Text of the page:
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Certification – Another Update

I posted two articles about certification in late December and there has been enough activity in the first few weeks of this year that an update is warranted.

In an interview with Collision Repair Magazine.com last week Andrew Shepard, the Director of the AIA Collision Sector and the administrator of CCIAP (Canadian Collision Industry Accreditation Program) told the interviewer that CCIAP had reached 1,000 shops registered in the program. He did not say how many of these shops had achieved accreditation, but at this point this is not as important as the fact that close to 25% of the collision repairers in Canada recognize that certification is an important validation of their training and upgrading efforts.

Most of these facilities are part of the four major banner programs and it is likely that their participation was encouraged, if not enforced, by the management teams of these programs. This is not at all a bad thing; they are involved and will all become better repairers for this involvement.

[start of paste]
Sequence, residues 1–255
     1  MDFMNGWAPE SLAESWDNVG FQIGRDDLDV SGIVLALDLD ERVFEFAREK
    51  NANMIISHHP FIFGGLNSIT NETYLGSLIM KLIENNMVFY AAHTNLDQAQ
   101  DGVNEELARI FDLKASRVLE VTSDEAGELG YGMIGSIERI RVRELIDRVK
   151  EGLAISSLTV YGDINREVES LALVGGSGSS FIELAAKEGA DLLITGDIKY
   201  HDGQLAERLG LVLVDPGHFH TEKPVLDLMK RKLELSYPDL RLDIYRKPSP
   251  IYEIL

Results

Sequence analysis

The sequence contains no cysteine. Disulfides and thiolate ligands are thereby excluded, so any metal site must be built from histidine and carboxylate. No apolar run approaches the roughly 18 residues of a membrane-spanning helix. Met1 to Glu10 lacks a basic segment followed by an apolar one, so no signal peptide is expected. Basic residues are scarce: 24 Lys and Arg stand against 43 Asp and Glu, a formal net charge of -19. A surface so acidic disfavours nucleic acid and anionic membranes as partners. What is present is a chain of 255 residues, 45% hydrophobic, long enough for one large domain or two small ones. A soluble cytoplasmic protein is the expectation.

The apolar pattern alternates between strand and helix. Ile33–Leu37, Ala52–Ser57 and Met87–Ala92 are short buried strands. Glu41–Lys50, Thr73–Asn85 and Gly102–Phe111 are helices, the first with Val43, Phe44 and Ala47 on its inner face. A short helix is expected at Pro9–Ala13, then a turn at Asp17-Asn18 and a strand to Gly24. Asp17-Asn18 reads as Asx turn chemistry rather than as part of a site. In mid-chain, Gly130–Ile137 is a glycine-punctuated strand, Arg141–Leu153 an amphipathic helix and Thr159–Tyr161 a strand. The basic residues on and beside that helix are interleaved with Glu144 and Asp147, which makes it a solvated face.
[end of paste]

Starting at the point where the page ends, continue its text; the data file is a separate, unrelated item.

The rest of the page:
Independent, unaffiliated repair shops still make up the majority of the Canadian collision repair industry and these operators can continue to be an important part of the industry, but to that they have to stay current.  This strong wave of banner shops becoming involved in the accreditation process will prompt progressive independents to also get involved and this will be good for the industry and all vehicle owners.

The insurance industry is supportive of CCIAP and with this support there will be a significant benefit to the entire repair process, and once again the vehicle owner. Accreditation involves equipment, training and very specific repair procedures. Acceptance of the requirements of accreditation by all parties takes away a lot of opinion, subjective thinking and ‘common sense’.

The repairer and insurer relationship demands the efficiency provided by the existing automated electronic claims processing systems.  A widely accepted accreditation system will allow the inclusion of required new repair processes into these automated systems.

There have been a lot of changes since my first post in July of last year. We may get to where we should be in less than 5 years

 

 

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